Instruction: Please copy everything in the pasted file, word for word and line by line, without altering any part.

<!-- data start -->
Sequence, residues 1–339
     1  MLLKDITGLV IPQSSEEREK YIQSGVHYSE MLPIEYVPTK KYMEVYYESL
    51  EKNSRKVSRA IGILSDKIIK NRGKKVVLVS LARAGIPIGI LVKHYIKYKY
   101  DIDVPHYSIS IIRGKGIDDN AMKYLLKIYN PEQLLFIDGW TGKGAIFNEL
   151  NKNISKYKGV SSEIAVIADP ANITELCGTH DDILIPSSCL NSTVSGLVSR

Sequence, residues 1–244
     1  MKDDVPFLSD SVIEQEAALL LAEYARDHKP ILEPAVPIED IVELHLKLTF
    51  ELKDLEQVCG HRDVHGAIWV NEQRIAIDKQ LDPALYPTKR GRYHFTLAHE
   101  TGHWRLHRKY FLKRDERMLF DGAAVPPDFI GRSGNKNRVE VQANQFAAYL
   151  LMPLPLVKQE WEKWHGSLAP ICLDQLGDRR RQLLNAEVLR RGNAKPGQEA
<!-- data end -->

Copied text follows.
Sequence, residues 1–339
     1  MLLKDITGLV IPQSSEEREK YIQSGVHYSE MLPIEYVPTK KYMEVYYESL
    51  EKNSRKVSRA IGILSDKIIK NRGKKVVLVS LARAGIPIGI LVKHYIKYKY
   101  DIDVPHYSIS IIRGKGIDDN AMKYLLKIYN PEQLLFIDGW TGKGAIFNEL
   151  NKNISKYKGV SSEIAVIADP ANITELCGTH DDILIPSSCL NSTVSGLVSR

Sequence, residues 1–244
     1  MKDDVPFLSD SVIEQEAALL LAEYARDHKP ILEPAVPIED IVELHLKLTF
    51  ELKDLEQVCG HRDVHGAIWV NEQRIAIDKQ LDPALYPTKR GRYHFTLAHE
   101  TGHWRLHRKY FLKRDERMLF DGAAVPPDFI GRSGNKNRVE VQANQFAAYL
   151  LMPLPLVKQE WEKWHGSLAP ICLDQLGDRR RQLLNAEVLR RGNAKPGQEA